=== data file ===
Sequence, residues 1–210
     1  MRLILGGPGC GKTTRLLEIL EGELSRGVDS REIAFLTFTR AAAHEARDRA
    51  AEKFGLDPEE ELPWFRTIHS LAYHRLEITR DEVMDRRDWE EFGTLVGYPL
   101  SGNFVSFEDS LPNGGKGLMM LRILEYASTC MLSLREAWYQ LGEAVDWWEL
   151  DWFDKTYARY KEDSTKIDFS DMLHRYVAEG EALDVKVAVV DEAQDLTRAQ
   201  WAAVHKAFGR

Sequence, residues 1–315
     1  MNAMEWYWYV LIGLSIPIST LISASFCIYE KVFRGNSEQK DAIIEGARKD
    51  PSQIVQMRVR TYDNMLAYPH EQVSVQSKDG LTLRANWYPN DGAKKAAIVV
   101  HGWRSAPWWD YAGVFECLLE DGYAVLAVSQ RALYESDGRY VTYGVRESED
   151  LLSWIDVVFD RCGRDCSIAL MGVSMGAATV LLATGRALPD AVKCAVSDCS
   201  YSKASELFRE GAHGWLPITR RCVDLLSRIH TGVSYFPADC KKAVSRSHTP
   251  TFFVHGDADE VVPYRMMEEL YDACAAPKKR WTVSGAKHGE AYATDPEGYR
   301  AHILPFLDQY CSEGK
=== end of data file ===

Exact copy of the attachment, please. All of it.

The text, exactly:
Sequence, residues 1–210
     1  MRLILGGPGC GKTTRLLEIL EGELSRGVDS REIAFLTFTR AAAHEARDRA
    51  AEKFGLDPEE ELPWFRTIHS LAYHRLEITR DEVMDRRDWE EFGTLVGYPL
   101  SGNFVSFEDS LPNGGKGLMM LRILEYASTC MLSLREAWYQ LGEAVDWWEL
   151  DWFDKTYARY KEDSTKIDFS DMLHRYVAEG EALDVKVAVV DEAQDLTRAQ
   201  WAAVHKAFGR

Sequence, residues 1–315
     1  MNAMEWYWYV LIGLSIPIST LISASFCIYE KVFRGNSEQK DAIIEGARKD
    51  PSQIVQMRVR TYDNMLAYPH EQVSVQSKDG LTLRANWYPN DGAKKAAIVV
   101  HGWRSAPWWD YAGVFECLLE DGYAVLAVSQ RALYESDGRY VTYGVRESED
   151  LLSWIDVVFD RCGRDCSIAL MGVSMGAATV LLATGRALPD AVKCAVSDCS
   201  YSKASELFRE GAHGWLPITR RCVDLLSRIH TGVSYFPADC KKAVSRSHTP
   251  TFFVHGDADE VVPYRMMEEL YDACAAPKKR WTVSGAKHGE AYATDPEGYR
   301  AHILPFLDQY CSEGK